Supply Chain Blog

It’s Deja Vue all over again for FMCG Supply Chains

Posted by Dave Jordan on Tue, Aug 09, 2011

Do you remember the rash of take-overs, buy-outs and mergers just before last two rounds of EU accession? Locally owned CEE Companies that could not or would not meet the various requirement of EU accession were sold off to competitors and private equity that were more willing and able to invest in the future.

FMCG Mergers and AcquisitionsAs this current recession drags on and governments adopt more desperate and savage methods of balancing the national books many companies are once again feeling the strain. The market is once again ripe for some potentially lucrative low cost FMCG purchases.

Of course, when someone invests in a business there is usually a cost saving element broadcast due to synergies of those businesses.  How often do those synergistic costs saving numbers come to fruition? I am sure we would hear loudly about such successes if they were common. The problem is that they are not. Businesses are left in limbo by management failure to drive home re-engineering plans to completion. Yes, it is painful and it requires resources to be taken out of the day to day business but such re-engineering is vital to a sustainable future.

The company logos have been harmonised, the factory uniforms are all the same, the remuneration policies are in line and perhaps inevitably, the executive level company car policy has been harmonised upwards! When synergy programmes fail (or don’t even commence!) this leads to a succession of Supply Chains and specifically Route to Market Distribution networks that urgently require attention.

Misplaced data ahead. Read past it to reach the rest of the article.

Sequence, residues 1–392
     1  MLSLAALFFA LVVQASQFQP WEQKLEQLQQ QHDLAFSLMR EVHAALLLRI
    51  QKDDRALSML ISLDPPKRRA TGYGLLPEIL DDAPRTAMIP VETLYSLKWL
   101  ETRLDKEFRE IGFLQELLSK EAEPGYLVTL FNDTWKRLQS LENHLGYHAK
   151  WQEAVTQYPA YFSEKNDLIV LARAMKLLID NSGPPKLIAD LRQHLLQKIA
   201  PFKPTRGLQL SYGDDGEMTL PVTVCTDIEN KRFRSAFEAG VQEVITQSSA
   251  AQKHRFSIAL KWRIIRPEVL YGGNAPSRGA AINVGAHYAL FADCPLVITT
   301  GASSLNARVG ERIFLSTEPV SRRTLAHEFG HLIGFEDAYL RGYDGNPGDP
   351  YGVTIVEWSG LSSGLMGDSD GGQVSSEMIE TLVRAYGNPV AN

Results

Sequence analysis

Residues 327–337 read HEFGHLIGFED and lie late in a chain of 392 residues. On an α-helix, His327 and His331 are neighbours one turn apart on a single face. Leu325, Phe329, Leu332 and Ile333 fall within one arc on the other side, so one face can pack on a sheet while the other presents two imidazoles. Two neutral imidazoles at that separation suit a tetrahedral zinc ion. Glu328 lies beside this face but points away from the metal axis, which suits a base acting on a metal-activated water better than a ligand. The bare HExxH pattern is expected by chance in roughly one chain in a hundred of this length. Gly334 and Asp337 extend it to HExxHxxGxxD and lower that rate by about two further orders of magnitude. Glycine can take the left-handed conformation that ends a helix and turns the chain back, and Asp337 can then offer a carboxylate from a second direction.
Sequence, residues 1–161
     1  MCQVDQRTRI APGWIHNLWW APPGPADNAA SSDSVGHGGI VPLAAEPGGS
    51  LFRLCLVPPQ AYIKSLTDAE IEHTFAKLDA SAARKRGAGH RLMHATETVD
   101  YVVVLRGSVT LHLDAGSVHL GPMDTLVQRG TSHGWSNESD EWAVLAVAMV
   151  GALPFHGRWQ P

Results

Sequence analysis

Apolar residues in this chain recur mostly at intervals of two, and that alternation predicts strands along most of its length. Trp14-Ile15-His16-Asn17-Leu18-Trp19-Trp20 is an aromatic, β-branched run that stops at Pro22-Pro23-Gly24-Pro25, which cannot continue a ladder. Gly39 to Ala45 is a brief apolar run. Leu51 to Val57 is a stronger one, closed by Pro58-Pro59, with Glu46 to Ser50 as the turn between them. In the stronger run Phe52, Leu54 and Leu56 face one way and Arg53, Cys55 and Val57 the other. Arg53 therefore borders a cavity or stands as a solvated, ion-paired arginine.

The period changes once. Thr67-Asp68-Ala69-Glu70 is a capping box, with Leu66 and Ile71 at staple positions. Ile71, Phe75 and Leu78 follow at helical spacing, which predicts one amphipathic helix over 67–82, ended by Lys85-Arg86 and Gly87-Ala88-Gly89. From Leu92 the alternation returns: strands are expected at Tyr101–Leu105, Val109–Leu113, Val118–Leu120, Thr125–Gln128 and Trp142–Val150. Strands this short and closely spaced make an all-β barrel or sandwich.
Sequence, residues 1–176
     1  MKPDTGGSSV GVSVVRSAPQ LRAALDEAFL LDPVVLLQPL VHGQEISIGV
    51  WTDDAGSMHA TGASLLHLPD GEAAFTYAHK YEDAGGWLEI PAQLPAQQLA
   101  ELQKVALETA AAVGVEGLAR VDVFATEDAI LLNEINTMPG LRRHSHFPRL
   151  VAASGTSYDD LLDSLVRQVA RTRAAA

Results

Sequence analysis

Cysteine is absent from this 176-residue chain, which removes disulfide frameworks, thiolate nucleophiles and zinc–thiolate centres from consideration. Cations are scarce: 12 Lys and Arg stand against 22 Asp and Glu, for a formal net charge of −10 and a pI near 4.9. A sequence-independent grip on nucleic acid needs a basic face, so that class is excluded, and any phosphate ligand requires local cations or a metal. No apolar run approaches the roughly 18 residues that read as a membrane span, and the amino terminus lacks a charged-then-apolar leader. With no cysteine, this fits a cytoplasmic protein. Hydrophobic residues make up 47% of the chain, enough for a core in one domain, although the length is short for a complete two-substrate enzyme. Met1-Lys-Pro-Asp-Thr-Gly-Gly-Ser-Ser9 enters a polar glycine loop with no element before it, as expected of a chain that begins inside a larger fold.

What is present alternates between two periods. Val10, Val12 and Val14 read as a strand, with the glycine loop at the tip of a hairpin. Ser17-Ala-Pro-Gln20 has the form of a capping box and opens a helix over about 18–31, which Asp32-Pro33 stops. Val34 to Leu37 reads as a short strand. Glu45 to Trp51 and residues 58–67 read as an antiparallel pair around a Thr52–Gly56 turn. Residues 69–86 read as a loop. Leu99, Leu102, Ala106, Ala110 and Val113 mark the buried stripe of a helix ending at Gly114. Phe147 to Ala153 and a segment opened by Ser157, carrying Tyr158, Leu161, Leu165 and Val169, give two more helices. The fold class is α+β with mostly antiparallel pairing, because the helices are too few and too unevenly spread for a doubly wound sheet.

There is an argument to put Logistic synergies last on the list of jobs to be done. This is fair enough as the last thing you want to disrupt after a merger is the customer/consumer interface. However, sooner or later you will have to tackle this side of the business or you will be left with inefficient and potentially competing Supply Chains. Examples exist in the market today where big name companies have failed to definitively harmonise their Route To Market networks and are floundering in a recessionary economy where every last sale counts.

In addition to such selling opportunity inefficiencies don’t forget the merger headline claims on cost savings. To achieve these in full you need to step back and evaluate the Supply Chains with prudent priority or else back-office savings will be used to prop up your creaking business. And when the next recession comes…….the hunter becomes the hunted!

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Tagss: FMCG, Route to Market, Mergers & Acquisitions, Dave Jordan, CEE, Distribution